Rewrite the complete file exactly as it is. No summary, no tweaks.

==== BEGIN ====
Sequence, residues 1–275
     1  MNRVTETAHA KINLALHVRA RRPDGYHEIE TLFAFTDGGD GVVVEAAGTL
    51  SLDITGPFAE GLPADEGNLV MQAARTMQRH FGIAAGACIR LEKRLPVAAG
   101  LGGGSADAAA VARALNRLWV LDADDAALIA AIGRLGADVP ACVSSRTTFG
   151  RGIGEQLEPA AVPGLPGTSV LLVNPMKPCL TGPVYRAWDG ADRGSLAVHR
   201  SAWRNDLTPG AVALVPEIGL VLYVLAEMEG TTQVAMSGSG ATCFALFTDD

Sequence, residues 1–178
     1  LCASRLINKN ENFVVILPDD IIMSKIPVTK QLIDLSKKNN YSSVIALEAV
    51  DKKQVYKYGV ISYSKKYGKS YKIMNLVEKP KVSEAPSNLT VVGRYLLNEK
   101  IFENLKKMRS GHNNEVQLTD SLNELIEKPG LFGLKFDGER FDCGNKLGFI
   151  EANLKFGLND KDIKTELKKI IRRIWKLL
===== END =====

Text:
Sequence, residues 1–275
     1  MNRVTETAHA KINLALHVRA RRPDGYHEIE TLFAFTDGGD GVVVEAAGTL
    51  SLDITGPFAE GLPADEGNLV MQAARTMQRH FGIAAGACIR LEKRLPVAAG
   101  LGGGSADAAA VARALNRLWV LDADDAALIA AIGRLGADVP ACVSSRTTFG
   151  RGIGEQLEPA AVPGLPGTSV LLVNPMKPCL TGPVYRAWDG ADRGSLAVHR
   201  SAWRNDLTPG AVALVPEIGL VLYVLAEMEG TTQVAMSGSG ATCFALFTDD

Sequence, residues 1–178
     1  LCASRLINKN ENFVVILPDD IIMSKIPVTK QLIDLSKKNN YSSVIALEAV
    51  DKKQVYKYGV ISYSKKYGKS YKIMNLVEKP KVSEAPSNLT VVGRYLLNEK
   101  IFENLKKMRS GHNNEVQLTD SLNELIEKPG LFGLKFDGER FDCGNKLGFI
   151  EANLKFGLND KDIKTELKKI IRRIWKLL